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Kind of Blue: Juliette Binoche at BAM

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Kind of Blue: Juliette Binoche at BAM

I first saw Juliette Binoche in Philip Kaufman’s adaptation of Milan Kundera’s The Unbearable Lightness of Being (1988), surely one of the most erotic mainstream films ever made. She seemed like a furtive-eyed little animal, bold but somehow hidden, even rigid, fiercely holding down Daniel Day-Lewis’ amusing womanizer Tomas until they achieve a brief moment of domestic contentment. Her Tereza is the film’s stabilizing force, whereas Lena Olin’s Sabina is an icon of bowler-hatted libertinage; in one epochal scene, Tereza gets Sabina to pose for some nude photographs, and something subterranean stirs between these two very different women. Finally, Sabina grabs the camera from Tereza and says, “Now it’s my turn.” As tension continually mounts, Tereza takes her top off but then gets school-girlishly embarrassed, rushing over to a couch and burying her face in it. Sabina goes to her, slowly pulls down her panties, then holds one of Tereza’s arms behind her back. Cut to a close-up of Binoche, excited, scared, bewildered. Then they go further…

Binoche had made her first impact in another extremely sexual film, André Téchiné’s Rendez-vous (1985), where she was excitingly mercurial, moving with quicksilver rapidity from emotion to emotion so that they never had time to really settle on her dark, exquisite face. She collaborated with Leos Carax on the completely unhinged, nearly Frank Borzage-ish folly Lovers on the Bridge (1991), where she has several moments of unconstrained wildness, especially when she and Denis Lavant get drunk on a bridge as firecrackers explode and rap music on the soundtrack gives way to a Viennese waltz; her grave playfulness is best evidenced by the way she tells a semi-dirty story at the end, punctuated by a raucous laugh. These three films promised a career along the lines of a Jeanne Moreau or a Catherine Deneuve; Binoche seemed faster, greedier and hotter under the collar than just about any other screen actress of the past or present.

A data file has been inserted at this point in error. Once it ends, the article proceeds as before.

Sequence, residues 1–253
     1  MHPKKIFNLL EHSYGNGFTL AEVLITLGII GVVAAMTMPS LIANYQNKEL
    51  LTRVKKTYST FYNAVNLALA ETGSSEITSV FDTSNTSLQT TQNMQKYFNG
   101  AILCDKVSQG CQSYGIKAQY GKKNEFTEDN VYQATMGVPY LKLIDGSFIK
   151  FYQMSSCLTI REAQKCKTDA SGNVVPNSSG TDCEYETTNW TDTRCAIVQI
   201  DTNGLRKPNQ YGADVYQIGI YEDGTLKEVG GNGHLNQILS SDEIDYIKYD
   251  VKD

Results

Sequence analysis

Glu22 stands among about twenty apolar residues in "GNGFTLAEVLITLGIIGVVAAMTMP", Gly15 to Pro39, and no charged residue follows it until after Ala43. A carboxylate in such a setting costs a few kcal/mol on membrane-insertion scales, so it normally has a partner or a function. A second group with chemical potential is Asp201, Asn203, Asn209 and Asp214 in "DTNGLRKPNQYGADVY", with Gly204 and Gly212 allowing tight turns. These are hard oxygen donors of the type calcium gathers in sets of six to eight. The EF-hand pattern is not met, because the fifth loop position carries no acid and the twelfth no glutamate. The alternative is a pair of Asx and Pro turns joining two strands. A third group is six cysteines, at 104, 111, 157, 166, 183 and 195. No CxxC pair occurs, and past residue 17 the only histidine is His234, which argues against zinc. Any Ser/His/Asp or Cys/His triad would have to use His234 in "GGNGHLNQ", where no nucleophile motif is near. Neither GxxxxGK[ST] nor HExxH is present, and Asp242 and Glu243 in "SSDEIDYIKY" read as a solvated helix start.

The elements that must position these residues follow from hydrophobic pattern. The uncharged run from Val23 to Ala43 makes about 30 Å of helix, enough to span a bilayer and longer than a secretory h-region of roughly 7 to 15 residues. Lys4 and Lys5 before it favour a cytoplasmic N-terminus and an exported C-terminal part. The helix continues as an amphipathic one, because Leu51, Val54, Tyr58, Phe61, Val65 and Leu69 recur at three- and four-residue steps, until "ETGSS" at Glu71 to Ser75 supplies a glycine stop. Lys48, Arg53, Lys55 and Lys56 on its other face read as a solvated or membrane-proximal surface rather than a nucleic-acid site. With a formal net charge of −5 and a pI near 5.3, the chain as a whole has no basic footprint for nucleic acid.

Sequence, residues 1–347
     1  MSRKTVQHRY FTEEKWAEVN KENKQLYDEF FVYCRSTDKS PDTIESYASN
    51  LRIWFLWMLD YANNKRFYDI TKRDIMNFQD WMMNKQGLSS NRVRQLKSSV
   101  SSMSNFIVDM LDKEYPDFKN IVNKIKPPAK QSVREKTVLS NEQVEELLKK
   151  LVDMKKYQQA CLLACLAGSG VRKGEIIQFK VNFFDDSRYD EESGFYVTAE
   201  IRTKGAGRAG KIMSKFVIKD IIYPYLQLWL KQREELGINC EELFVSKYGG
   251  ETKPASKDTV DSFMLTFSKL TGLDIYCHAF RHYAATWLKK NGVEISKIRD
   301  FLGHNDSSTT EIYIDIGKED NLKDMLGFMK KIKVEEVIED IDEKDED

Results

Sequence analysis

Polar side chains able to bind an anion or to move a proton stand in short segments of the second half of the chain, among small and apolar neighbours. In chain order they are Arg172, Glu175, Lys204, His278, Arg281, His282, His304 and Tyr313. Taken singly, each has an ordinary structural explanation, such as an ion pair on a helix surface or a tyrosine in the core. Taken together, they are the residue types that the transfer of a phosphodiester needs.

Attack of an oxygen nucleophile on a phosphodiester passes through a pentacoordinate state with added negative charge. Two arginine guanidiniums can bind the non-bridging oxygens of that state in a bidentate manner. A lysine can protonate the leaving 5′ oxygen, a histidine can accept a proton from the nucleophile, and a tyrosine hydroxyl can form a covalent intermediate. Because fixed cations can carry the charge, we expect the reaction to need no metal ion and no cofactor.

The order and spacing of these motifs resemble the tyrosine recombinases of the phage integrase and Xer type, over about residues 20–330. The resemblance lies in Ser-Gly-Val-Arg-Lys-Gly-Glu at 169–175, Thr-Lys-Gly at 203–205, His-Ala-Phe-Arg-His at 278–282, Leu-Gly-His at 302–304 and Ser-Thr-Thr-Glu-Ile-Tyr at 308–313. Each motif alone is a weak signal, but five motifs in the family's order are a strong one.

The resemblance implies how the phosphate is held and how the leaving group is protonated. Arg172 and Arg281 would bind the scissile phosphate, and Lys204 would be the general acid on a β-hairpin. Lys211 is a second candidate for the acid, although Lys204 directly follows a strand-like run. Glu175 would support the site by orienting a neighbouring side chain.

Then, something strange began to happen to her. It started with Louis Malle’s Damage (1992), which also placed a large emphasis on sex, but this time a kind of impersonal fornication that cut her off from all the complex emotion of Kundera’s Tereza. In Krzysztof Kieślowski’s Blue (1993), Binoche did a haunting but rather passive study in grief, sitting alone in cafes, her face inscrutable, mysterious; she caught a kind of melancholy stasis, in some scenes, but it was as if a light-switch had been turned off in her. Thereafter, her career has been wayward; she won an inexplicable Miramax Oscar for The English Patient (1996), but I have no recollection of her in that film. In her second Miramax venture, Chocolat (2000), she came alive again, as if little woodland creatures were animating the muscles of her moody face, but the saccharine movie offered her no worthy context.